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Segan LLC v. Zynga Inc.

United States District Court, D. Delaware

March 19, 2014

SEGAN LLC, Plaintiff,
v.
ZYNGA INC., Defendant.

MEMORANDUM

GREGORY M. SLEET, Chief District Judge.

I. INTRODUCTION

On July 29, 2011, the plaintiff Segan LLC ("Segan") initiated the instant action against the defendant Zynga, Inc. ("Zynga") alleging that several Zynga games infringe U.S. Patent No. 7, 054, 928 ("the '28 patent"). (D.I. 1.) Segan filed an amended complaint on October 13, 2011 (D.I. 14). Presently before the court is Zynga's Motion to Transfer to the Northern District of California pursuant to 28 U.S.C. § 1404(a). (D.I. 28.) For the reasons that follow, the court will grant the motion.

II. BACKGROUND

Segan is a New York limited liability company with its principal place of business in Long Island City, New York. (D.I. 14, 1.) Segan is the owner by assignment of '928 patent, which names Marc Segan and Gene Lewin as joint inventors. ( Id., 9, 10.) Zynga is a Delaware corporation with its principal place of business in San Francisco, California. (D.I. 29 at 2.)

The '928 patent is generally related to online recreational games involving a user device, a service provider, and a target website, all in communication with one another. (d. at 3-4.) Segan alleges that Zynga has infringed the '928 patent by making, using, selling, offering for sale, and/or importing into the United States a variety of computer applications covered by the '928 patent, including but not limited to, Cafe World, CityVille, Empires & Allies, FarmVille, FishVille, FrontierVille, Mafia Wars, PetVille, Treasure Isle, YoVille and Zynga Poker (collectively, the "Accused Games"). (D.I. 14, 15, 22.)

III. STANDARD OF REVIEW

"For the convenience of parties and witnesses, in the interest of justice, a district court may transfer any civil action to any other district or division where it might have been brought or to any district or division to which all parties have consented." 28 U.S.C. § 1404(a). Under this provision, a district court may exercise "broad discretion to determine, on an individualized, case-by-case basis, whether convenience and fairness considerations weigh in favor of transfer." Jumara v. State Farm Ins. Co., 55 F.3d 873, 883 (3d Cir. 1995). The purpose of transfer is to protect litigants, witnesses, and the public from the unnecessary waste of time, energy, and money. See Virgin Wireless, Inc. v. Virgin Enters. Ltd., 201 F.Supp.2d 294, 299 (D. Del. 2002) (citing VanDusen v. Barrack, 376 U.S. 612, 616 (1964)).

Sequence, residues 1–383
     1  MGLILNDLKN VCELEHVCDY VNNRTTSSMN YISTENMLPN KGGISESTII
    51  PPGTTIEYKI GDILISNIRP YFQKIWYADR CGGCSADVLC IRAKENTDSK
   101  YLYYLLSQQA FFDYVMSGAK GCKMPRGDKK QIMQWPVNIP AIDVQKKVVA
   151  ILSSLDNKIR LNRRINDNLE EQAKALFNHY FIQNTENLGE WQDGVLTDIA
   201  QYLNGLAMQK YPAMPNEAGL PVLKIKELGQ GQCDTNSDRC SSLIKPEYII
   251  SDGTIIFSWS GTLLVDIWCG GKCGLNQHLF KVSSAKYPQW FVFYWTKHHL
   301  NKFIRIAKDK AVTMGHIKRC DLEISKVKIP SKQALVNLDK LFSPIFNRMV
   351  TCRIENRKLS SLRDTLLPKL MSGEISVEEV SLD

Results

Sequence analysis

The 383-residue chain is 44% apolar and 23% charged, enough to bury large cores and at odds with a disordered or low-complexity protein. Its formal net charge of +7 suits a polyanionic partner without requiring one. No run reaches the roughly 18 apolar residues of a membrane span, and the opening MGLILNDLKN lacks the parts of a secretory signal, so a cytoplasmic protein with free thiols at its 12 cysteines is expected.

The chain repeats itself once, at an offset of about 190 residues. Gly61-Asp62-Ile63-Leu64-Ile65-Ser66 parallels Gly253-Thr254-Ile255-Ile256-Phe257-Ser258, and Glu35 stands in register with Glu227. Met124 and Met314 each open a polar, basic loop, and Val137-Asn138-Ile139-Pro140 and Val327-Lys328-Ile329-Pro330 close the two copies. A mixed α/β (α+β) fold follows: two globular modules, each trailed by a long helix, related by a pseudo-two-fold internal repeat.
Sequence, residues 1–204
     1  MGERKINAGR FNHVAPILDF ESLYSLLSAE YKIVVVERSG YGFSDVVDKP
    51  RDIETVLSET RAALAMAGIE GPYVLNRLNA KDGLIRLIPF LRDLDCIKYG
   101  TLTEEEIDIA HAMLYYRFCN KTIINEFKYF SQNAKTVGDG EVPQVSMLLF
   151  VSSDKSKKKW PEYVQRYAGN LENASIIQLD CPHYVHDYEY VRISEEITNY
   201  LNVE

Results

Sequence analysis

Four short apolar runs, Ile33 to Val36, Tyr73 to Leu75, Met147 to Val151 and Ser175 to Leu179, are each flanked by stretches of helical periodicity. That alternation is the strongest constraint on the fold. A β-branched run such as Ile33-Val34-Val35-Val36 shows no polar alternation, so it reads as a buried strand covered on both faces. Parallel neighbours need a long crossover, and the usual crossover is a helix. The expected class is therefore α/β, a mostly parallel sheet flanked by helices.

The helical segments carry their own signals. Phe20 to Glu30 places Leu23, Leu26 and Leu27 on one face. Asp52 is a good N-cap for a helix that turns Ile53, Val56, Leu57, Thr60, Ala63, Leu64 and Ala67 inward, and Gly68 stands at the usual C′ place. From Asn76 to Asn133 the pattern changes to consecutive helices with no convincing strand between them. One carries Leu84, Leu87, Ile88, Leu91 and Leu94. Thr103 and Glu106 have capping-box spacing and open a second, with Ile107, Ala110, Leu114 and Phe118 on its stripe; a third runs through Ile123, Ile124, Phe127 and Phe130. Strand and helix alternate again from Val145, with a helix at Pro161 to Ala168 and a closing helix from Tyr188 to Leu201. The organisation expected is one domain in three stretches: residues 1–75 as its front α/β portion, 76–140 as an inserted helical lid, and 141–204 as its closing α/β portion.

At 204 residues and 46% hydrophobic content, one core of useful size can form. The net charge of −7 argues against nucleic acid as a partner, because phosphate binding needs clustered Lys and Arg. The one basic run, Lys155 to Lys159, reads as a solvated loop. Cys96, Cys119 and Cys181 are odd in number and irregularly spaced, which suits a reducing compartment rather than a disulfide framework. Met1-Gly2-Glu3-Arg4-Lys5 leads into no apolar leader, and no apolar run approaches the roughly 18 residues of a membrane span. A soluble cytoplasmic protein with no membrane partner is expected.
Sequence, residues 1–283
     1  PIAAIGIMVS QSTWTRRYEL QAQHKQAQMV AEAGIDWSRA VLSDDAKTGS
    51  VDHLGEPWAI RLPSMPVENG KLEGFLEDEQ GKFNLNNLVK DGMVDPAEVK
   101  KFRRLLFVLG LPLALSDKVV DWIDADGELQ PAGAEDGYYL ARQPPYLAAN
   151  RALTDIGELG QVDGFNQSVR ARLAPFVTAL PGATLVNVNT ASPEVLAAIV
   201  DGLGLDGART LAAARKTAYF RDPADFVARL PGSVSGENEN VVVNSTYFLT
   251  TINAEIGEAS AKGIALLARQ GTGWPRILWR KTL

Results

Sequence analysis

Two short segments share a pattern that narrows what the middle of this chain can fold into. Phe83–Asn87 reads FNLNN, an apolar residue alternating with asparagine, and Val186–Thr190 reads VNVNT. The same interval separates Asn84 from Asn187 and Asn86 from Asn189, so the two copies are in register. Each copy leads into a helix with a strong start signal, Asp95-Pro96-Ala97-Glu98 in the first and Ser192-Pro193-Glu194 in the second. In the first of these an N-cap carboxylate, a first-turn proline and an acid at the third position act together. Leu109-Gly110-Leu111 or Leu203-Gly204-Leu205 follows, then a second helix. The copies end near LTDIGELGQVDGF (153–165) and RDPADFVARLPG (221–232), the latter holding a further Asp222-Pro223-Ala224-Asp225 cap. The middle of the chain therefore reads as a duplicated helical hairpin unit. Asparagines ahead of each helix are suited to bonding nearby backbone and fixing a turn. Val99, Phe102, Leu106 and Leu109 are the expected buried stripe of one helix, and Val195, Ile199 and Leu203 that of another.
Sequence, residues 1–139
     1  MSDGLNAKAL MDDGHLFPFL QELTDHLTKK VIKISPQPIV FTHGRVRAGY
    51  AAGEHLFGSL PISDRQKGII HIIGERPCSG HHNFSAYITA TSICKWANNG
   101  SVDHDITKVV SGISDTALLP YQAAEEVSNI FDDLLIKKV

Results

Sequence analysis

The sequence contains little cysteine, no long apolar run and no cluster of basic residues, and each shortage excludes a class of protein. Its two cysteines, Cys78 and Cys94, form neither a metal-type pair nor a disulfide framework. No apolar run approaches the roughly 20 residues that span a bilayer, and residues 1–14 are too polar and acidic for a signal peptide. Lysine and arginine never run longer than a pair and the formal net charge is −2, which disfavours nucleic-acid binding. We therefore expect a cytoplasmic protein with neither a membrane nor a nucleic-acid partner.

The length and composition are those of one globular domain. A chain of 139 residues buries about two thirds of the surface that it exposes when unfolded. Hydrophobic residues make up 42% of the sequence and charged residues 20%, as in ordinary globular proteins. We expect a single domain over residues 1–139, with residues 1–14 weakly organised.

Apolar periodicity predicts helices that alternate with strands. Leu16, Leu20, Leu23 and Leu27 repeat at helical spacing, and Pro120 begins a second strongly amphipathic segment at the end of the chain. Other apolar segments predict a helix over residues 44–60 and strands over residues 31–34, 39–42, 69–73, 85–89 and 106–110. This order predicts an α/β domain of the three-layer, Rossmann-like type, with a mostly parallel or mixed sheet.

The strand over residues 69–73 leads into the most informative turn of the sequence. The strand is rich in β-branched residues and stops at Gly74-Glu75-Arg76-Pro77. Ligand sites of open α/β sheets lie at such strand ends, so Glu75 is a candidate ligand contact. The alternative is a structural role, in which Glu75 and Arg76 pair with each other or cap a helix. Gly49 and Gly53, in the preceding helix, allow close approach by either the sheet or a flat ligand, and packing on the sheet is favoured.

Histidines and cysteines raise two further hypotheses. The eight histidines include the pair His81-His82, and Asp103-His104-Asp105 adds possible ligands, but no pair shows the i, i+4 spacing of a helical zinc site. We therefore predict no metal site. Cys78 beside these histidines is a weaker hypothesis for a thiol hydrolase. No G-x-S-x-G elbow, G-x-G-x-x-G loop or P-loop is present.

The court undertakes a two-step inquiry in order to resolve a motion to transfer. "The court first asks whether the action could have been brought in the proposed transferee venue and then determines whether transfer to a different forum would best serve the interests of justice and convenience." Smart Audio Techs., L.L.C. v. Apple, Inc., 910 F.Supp.2d 718, 724 (D. Del. 2012). At each step, the defendant has the burden to demonstrate that a transfer is appropriate, Jumara, 55 F.3d at 879-80, and "unless the balance of convenience of the parties is strongly in favor of the defendant, the plaintiffs choice of forum should prevail." Shutte v. Armco Steel Corp., 431 F.2d 22, 25 (3d Cir. 1970).

With regard to the second step of the inquiry, where court considers whether transfer would best serve the interests of justice and convenience, the Third Circuit has instructed district courts to look to the various private and public interests protected by§ 1404(a) rather than to any "definitive formula." Jumara, 55 F.3d at 879. The private interests may include:

plaintiffs forum preference as manifested in the original choice; the defendant's preference; whether the claim arose elsewhere; the convenience of the parties as indicated by their relative physical and financial condition; the convenience of the witnesses - but only to the extent that the witnesses may actually be unavailable for trial in one of the fora; and the location of books and records (similarly limited to the extent that the files could not be produced in the alternative forum).

Id. (citations omitted). And the public interests may include:

the enforceability of the judgment: practical considerations that could make the trial easy, expeditious, or inexpensive; the relative administrative difficulty in the two fora resulting from court congestion; the local interest in deciding local controversies at home; the public policies of the fora; and the ...

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